As she tells it, the political crisis began to come to a head in late November 2012, when Morsi, by decree, granted his regime unlimited powers to pass legislation not subject to judicial oversight. In November and December, Islamists took over the assembly that was drafting a new constitution. Some opposition leaders tried to be patient, but soon they began to boycott the assembly.
As street protests mounted, Morsi issued another decree, granting himself power to “take the necessary actions and measures to protect the country and the goals of the revolution.” It was necessary, he said, to safeguard a “democratic transition” that was being threatened by judicial bodies of the old regime, acting in collusion with the army.
In a few short days, the regime rushed to finish its draft for a new constitution. At dawn on the morning of Dec. 2 — the day the Supreme Constitutional Court was to rule on status of the constitutional assembly — Islamists surrounded the court, refusing to let any of the judges in.
Bloody clashes ensued. Morsi had to duck out of the presidential palace by a back door. He was mocked in street demonstrations as “Morsilini,” but the taunt was misleading. Morsi may have been acting like a fascist, but Mussolini had at least been able, for a time, to make the trains run on time.
The hastily drafted constitution was put to a referendum on Dec. 22, where it gained a 64 percent approval. The government’s commission declared the referendum “impartial and fair,” though the turnout had been just 30 percent. Five days later, the commission announced that it would begin an inquiry into 15,000 reports of fraud. It was too late. The end-game played out over the next several months, but for Morsi’s regime, the handwriting was on the wall.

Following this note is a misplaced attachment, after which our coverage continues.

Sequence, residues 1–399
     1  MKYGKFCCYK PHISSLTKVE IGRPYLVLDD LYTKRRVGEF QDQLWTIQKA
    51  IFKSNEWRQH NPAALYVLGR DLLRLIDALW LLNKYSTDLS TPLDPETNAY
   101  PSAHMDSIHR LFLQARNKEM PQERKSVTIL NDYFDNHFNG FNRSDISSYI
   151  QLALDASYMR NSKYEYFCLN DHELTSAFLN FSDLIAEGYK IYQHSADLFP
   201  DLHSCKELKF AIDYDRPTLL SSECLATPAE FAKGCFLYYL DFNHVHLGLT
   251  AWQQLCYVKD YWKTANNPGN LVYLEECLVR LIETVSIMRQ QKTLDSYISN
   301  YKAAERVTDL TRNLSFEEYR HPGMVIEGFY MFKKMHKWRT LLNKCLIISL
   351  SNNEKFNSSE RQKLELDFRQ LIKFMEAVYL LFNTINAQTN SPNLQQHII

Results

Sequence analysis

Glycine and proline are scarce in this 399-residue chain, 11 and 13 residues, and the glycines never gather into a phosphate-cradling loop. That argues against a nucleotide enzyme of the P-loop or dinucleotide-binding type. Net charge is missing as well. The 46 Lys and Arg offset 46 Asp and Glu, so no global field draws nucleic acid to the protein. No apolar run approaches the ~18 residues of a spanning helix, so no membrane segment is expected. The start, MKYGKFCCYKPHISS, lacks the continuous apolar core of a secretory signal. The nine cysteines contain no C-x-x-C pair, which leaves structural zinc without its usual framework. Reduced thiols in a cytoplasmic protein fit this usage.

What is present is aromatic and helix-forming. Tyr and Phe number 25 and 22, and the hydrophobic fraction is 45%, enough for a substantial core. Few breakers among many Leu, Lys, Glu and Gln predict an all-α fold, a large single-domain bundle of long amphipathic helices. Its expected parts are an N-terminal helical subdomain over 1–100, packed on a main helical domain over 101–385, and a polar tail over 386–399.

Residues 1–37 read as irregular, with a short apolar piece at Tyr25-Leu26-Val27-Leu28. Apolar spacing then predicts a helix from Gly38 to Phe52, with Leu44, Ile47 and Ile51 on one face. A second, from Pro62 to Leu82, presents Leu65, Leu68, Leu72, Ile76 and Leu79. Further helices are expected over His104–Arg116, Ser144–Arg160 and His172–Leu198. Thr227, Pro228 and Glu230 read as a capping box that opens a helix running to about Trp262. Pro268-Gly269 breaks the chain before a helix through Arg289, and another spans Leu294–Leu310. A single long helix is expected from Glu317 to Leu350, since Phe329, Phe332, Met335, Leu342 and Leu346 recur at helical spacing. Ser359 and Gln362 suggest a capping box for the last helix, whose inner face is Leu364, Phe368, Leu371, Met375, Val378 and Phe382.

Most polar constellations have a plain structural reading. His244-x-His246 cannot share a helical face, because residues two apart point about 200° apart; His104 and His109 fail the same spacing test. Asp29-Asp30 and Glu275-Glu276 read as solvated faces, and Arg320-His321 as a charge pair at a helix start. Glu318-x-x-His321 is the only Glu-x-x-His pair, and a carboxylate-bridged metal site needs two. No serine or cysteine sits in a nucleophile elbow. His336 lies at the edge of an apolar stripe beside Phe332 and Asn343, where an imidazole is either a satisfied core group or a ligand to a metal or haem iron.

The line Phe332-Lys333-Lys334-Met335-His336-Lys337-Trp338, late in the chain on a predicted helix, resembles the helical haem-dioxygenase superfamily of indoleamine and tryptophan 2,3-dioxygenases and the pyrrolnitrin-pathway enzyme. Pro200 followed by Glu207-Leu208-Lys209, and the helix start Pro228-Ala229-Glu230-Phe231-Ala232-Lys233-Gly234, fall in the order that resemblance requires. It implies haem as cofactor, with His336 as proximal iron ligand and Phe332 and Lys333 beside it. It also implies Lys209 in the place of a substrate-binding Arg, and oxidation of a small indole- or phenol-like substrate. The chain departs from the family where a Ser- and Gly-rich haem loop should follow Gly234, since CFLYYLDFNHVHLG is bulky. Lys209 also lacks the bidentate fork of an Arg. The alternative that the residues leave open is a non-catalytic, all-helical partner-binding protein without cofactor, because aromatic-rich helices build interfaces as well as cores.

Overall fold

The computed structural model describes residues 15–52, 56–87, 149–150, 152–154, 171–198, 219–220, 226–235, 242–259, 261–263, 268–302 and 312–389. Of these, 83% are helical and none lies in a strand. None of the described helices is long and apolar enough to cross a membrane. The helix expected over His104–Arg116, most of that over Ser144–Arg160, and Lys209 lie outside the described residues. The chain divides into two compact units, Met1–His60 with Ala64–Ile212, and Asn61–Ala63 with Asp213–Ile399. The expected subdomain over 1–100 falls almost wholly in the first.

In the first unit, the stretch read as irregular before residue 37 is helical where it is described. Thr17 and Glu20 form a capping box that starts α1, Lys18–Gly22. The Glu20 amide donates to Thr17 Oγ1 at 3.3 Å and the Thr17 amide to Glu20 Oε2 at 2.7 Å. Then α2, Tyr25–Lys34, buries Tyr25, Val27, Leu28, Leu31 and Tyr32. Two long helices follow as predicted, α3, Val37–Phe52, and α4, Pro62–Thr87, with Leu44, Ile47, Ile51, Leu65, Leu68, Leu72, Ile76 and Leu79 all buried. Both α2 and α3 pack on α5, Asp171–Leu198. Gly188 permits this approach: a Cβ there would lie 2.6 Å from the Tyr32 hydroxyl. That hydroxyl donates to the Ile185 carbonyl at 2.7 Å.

Why had a revolution that began so hopefully gone sour so quickly? There were many factors: an outsized military presence determined to preserve its power and wealth; civic institutions just emerging from decades of suppression and harassment; a lack of popular commitment to constitutional democracy; and, above all, a political culture still unsure how to reconcile its traditions with the rule of law. Some are inclined to criticize Muslims on this last point, but think how long it took the Christian West to figure that out, and we’re still not sure we’ve got it right.
The spread of democracy may be, as de Tocqueville said, a providential fact in our era, but democracy takes many forms. It took decades, and many false starts, for Argentina, Brazil and Chile to stabilize democracies after the overthrow of brutal dictatorships. Egypt, like Turkey, is struggling to create a version of constitutional democracy suitable for a nation overwhelmingly Muslim. It is exciting to watch these transformations, but we ought to extend the courtesy of patience. After all, Americans know that it may require a brutal civil war and decades more of agonizing work to correct flaws built into a nation’s founding.
Don Robinson, a retired professor of government at Smith College, writes a regular column for the Gazette which appears on the fourth Thursday of the month. He can be emailed at firstname.lastname@example.org.